I have not done justice to this blog. I have not done justice to the name I put on this blog. It has been too random. It has been disconnected. It has been too much about my own random thoughts and too little about being apprenticed to Jesus.
I want to invite you to a journey. It is wonderful. It is crazy. Too few want to take this journey, espcially in the evangelical world. We do not understand spiritual formation. I certainly don’t, AND I HAVE TAUGHT IT!
Join me on a wonderful journey. It twists and winds for each of us, but Jesus is on the journey, and that is the most important thing.
One place I like to begin is Thomas Merton. Seven Storey Mountain is his classic autobiography. I have read it at least twice and find myself going through it yet again. His story is so powerful. There will be some who do not put much stock in Merton because his conversion led to the Catholic Church and that is problematic for some people Others might be put off because Merton at the end of his life was exploring some things in meditation that seemed to be drawing him to an open conversation with Buddhism.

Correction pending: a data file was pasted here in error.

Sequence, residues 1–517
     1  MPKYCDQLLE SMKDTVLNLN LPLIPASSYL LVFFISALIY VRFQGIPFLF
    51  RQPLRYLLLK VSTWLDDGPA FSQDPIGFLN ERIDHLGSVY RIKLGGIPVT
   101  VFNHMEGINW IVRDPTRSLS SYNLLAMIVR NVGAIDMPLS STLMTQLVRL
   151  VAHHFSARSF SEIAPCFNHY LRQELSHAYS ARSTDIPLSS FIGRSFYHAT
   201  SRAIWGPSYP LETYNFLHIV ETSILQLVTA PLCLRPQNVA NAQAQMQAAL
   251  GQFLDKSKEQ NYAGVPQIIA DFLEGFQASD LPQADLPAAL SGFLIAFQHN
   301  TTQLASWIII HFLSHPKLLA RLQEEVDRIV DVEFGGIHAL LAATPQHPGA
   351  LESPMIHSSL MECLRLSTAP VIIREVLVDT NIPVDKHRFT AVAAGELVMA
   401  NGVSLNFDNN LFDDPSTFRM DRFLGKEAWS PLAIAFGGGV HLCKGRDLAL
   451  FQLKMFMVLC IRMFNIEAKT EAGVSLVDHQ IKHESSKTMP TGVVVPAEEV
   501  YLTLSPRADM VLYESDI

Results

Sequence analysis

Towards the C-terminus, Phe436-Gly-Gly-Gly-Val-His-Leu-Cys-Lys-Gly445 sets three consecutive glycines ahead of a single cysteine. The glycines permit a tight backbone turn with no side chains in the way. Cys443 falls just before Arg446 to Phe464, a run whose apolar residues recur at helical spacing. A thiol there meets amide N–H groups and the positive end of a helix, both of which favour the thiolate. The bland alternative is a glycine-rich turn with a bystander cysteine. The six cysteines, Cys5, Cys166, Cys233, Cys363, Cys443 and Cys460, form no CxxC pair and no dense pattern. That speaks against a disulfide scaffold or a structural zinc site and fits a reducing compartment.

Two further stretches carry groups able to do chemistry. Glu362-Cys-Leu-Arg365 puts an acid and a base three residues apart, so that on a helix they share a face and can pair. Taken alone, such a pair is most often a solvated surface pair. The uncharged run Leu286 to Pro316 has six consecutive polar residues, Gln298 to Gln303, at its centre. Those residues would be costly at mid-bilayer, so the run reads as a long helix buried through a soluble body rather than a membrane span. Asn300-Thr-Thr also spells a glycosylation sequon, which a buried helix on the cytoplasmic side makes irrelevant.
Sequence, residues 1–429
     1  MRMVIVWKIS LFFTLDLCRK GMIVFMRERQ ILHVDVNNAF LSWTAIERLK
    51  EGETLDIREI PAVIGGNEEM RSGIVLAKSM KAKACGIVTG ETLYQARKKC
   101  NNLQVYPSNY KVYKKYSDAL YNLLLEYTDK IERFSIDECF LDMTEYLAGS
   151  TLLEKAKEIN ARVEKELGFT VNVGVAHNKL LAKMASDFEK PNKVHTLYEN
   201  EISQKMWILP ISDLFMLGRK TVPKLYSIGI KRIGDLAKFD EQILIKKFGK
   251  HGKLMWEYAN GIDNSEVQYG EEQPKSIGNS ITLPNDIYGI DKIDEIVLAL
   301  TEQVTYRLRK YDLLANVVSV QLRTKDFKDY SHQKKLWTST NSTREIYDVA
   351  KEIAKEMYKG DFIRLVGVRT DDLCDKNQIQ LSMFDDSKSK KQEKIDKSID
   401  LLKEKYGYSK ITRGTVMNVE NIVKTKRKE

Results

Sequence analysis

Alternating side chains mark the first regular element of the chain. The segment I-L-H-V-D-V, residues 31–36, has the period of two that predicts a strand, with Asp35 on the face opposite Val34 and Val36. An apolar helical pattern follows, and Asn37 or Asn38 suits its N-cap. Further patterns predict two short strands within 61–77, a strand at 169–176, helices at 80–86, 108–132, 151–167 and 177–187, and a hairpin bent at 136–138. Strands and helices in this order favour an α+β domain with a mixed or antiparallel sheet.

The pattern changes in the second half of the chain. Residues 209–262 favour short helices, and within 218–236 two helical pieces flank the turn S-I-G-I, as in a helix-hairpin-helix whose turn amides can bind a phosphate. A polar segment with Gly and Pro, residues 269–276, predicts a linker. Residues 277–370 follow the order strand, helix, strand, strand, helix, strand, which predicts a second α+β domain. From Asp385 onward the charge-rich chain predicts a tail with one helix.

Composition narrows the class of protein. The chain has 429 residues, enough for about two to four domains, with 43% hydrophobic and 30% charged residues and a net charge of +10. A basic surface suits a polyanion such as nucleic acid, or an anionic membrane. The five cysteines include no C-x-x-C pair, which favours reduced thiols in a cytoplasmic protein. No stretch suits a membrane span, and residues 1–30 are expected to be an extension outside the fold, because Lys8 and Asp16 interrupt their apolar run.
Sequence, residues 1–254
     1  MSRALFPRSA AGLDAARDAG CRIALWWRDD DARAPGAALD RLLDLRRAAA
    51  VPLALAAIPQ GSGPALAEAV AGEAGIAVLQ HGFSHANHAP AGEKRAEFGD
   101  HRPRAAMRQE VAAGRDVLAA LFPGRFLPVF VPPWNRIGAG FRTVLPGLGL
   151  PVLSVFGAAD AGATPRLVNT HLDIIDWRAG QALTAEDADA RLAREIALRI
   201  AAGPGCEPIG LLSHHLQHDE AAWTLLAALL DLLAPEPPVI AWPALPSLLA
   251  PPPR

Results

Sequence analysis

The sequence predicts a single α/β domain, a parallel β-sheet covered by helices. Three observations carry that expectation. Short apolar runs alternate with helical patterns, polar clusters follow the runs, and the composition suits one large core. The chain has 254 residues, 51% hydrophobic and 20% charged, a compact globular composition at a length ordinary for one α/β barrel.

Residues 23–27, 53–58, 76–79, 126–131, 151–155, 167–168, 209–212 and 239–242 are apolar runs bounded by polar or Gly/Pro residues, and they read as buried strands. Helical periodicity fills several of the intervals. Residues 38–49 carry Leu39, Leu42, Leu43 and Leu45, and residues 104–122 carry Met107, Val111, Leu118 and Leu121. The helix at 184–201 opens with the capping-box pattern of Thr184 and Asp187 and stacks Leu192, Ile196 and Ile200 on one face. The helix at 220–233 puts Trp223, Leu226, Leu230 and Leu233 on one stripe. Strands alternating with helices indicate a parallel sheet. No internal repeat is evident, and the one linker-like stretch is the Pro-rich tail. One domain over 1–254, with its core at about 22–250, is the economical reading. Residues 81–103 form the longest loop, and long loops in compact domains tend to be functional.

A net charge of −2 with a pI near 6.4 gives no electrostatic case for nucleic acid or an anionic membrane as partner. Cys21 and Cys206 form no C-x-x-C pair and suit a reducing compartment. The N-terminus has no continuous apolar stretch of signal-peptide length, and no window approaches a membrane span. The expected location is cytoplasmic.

The story in itself is powerful. This was a man hungry for God and who realized God was apprehending him throughout his early life. The writing is wonderful. If you get a copy of the book and read it, please work your way through it. This book and story is well worth it.
Merton’s conversion is powerful. Being apprenticed to Jesus means you have considered Christ. Merton considered Christ! He wanted to know the claims of Christ and was thoroughly convinced of the claims of Christ.
The conversion for Merton into the Catholic Church is a powerful ceremony. There is confession, there is baptism, there is renouncing Satan, and more. It is a powerful service. I don’t know if that is what the Catholic Church still does, but that ceremony Merton described is stunning. It hits the depths of the human soul.
Merton began to realize he was called to the priesthood and pursued it. He thought he had failed, so he was going to try to be a monk without “being” a monk. He just would not give up pursuing Christ.
I have gone on long enough for one blog. (What does it matter? I have no idea! This is more for me, anyway.)
One quote to finish:
“There could be no more question of living just like everybody else in the world. There could be no more compromise with the life that tried at every turn, to feed me poison. I had to turn my back on those things.”
Be apprenticed to Jesus is knowing Jesus is the Greatest Teacher. He is the Savior. He is the Master. He is worth following!
That means change. Apprentices cannot live like everybody else in the world.